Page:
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Fujifilm Instax Mini Link Review The Instax Mink Link replaces the Instax Share Smartphone Printer SP-2 as Fujifilm's mini film printer - with a few additional social features
Should I Buy The Instax Mini Link?
Are all the features on this device necessary? Probably not. But there's definitely something fun to explore with the Instax Mini Link that other instant printers don't offer - though the lack of social media integration is something that the company should definitely rethink.
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Glenn Branca - The Third Ascension Music Album Reviews

The celebrated avant-garde composer’s final work is a shrine to ecstatic disorientation.

“There are very few animals that kill their own kind.” Avant-garde composer Glenn Branca often began interviews with bleak screeds on human existence. “We’re vicious, psychopathological beasts,” he said in 2011, referring to our planet as a “disgusting shithole.” It was easy to take one look at Branca, drink in hand and perpetually smoking, and think you had him figured out. It was even easier to hear his vitriolic compositions and find them oppressive and terrifying, as John Cage famously did in 1982. But there was always an armored optimism in Branca’s work that suggested: If we can get lost in this maddening sound, we might be able to transcend our shared shithole, if only for a moment. With Branca’s final work The Third Ascension, released a year and a half after he died of throat cancer, the composer and his ensemble take the familiar instruments of a rock band and transform them into machines of calculated pandemonium, whose noise is so merciless it’s blissful.

The concluding entry in his Ascension series, The Third Ascension premiered at New York’s famed art space the Kitchen in February 2016, where Branca and his ensemble were recorded for this very album. Branca, dressed in his trademark black duster and slacks, flailed around the stage as he conducted for bass, drums, and four guitars (one of which was played by his wife, Reg Bloor). His movements were spasmodic, and he occasionally shimmied his hips like a beleaguered Elvis. He grumbled between songs, brief quips about the best hot dog he’d ever eaten, or a dig at John Zorn. He kept his sheet music in a plastic shopping bag, which, if memory serves, had a yellow smiley face on the front. It was the only concert I’d ever been to where earplugs were forcefully handed out at the entrance, like safety goggles at a gun range.

Branca was known to say that if you didn’t like loud music, you shouldn’t bother with his. At live performances, you had no option regarding volume. When it comes to his albums, you unfortunately do. But heed the man’s words: The Third Ascension should be played at full blast, neighbors and landlords be damned. One of the most exhilarating aspects of Branca’s music is the amount of aural hallucination it inspires—a frequent side effect of listening to his work is hearing things that aren’t really there. “The Smoke,” a 16-minute odyssey that kicks off like the opening credits in a western film, eventually bursts into a fit of distortion, and it appears as though a synthesizer simulating gale-force winds has been added to the mix. On closing opus “Cold Thing,” Branca’s guitar quartet sounds like a squad of machine guns firing at point blank range, and yet the continued roar somehow registers as distant screaming, air raid sirens, and a choir of angels all at once.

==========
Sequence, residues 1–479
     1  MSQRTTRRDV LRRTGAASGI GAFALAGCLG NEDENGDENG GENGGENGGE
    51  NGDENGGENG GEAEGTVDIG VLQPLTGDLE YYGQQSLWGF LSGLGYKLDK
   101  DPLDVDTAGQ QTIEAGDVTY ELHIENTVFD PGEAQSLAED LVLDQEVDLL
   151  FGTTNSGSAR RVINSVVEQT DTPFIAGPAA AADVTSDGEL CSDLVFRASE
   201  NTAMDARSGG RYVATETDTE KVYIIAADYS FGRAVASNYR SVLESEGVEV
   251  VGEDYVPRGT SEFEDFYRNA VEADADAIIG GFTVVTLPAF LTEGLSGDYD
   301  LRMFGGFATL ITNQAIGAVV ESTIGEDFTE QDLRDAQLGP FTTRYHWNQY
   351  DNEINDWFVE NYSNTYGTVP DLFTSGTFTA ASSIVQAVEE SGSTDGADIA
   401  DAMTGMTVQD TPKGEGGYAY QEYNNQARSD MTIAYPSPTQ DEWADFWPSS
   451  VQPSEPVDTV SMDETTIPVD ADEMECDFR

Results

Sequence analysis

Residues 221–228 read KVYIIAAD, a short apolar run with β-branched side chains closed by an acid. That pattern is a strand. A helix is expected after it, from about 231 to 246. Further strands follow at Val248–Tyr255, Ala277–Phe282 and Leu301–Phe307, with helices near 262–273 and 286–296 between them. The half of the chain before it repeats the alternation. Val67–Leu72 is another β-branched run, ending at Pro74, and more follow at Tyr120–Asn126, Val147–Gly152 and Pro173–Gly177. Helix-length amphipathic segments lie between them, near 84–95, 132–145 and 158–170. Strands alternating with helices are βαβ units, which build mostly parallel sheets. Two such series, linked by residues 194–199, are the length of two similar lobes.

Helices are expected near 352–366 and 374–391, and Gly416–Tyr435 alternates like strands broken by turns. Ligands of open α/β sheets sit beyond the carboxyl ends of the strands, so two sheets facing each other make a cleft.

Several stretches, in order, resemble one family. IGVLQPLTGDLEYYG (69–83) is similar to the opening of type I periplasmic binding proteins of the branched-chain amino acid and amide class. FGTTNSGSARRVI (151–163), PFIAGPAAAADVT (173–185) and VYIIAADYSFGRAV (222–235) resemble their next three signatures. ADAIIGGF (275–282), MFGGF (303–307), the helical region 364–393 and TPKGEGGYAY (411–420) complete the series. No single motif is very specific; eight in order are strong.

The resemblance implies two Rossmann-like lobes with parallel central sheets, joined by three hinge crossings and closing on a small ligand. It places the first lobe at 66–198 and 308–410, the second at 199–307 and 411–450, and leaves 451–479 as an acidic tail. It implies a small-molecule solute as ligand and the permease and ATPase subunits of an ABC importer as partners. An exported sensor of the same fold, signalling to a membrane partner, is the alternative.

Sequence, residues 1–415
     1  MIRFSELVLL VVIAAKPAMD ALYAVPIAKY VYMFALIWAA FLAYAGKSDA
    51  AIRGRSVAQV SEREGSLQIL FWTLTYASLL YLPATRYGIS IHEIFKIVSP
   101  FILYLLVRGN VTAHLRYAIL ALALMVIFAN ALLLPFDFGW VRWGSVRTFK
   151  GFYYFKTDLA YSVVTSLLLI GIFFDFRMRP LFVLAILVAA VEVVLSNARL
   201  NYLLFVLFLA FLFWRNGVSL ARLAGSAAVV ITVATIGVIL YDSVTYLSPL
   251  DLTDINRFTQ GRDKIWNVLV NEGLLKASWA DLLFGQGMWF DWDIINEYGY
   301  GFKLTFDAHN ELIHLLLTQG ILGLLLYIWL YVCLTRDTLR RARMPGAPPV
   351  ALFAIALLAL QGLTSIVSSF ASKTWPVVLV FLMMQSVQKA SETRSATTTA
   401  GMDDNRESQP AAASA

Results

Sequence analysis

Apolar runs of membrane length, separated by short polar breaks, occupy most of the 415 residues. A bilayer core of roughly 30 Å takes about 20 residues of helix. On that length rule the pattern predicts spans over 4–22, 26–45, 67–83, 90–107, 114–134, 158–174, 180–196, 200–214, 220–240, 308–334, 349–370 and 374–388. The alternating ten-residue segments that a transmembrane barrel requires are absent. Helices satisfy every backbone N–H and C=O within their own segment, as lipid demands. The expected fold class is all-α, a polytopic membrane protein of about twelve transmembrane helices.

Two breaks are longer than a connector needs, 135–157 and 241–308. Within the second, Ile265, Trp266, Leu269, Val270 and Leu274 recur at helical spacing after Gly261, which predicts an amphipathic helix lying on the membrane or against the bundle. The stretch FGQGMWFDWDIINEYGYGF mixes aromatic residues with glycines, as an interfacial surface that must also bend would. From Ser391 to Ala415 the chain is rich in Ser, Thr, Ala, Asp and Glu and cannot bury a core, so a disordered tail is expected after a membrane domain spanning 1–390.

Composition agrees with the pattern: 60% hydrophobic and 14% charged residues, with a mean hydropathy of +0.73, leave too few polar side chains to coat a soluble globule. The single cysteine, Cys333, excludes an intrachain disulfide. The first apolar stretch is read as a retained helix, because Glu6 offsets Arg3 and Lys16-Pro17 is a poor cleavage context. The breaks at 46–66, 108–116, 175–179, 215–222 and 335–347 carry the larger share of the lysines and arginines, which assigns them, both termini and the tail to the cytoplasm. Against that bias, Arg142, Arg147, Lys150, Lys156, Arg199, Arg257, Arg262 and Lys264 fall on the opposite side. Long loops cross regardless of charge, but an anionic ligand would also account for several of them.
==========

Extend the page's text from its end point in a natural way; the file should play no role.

This psychoacoustic mindfuck is all part of the plan. “I want you to be confused,” Branca once said of his audience. “Because if you become a little confused, then you’re not sure what you’re hearing, and that’s the point at which you can start thinking about what you’re hearing, and you can start creating what you’re hearing.” The Third Ascension, much like Branca’s masterpieces The Ascension and Lesson No. 1, is a shrine to ecstatic disorientation. It is both exhausting and elating, so much so that the end of each song coincides with a deserved deep breath.

Branca’s work has always been as much of a physical experience as a musical one, and The Third Ascension continues that tradition beautifully. The high-frequency guitar riffs piercing through “Twisting in Space” feel like individual pin pricks, and the dueling rhythms in “Lesson No. 4” might as well be a series of 2x4s bashing you in the face. It’s a glorious, numbing assault.

Glenn Branca did not like the word “transcendence,” but he knew that was the ultimate goal. “I want everything in the world, in every minute of every piece,” he once said. “I want to create a small universe on that stage, and take you off of this earth, into a place that isn’t this fucking shithole.” Branca has finally escaped. Consider The Third Ascension his parting gift.

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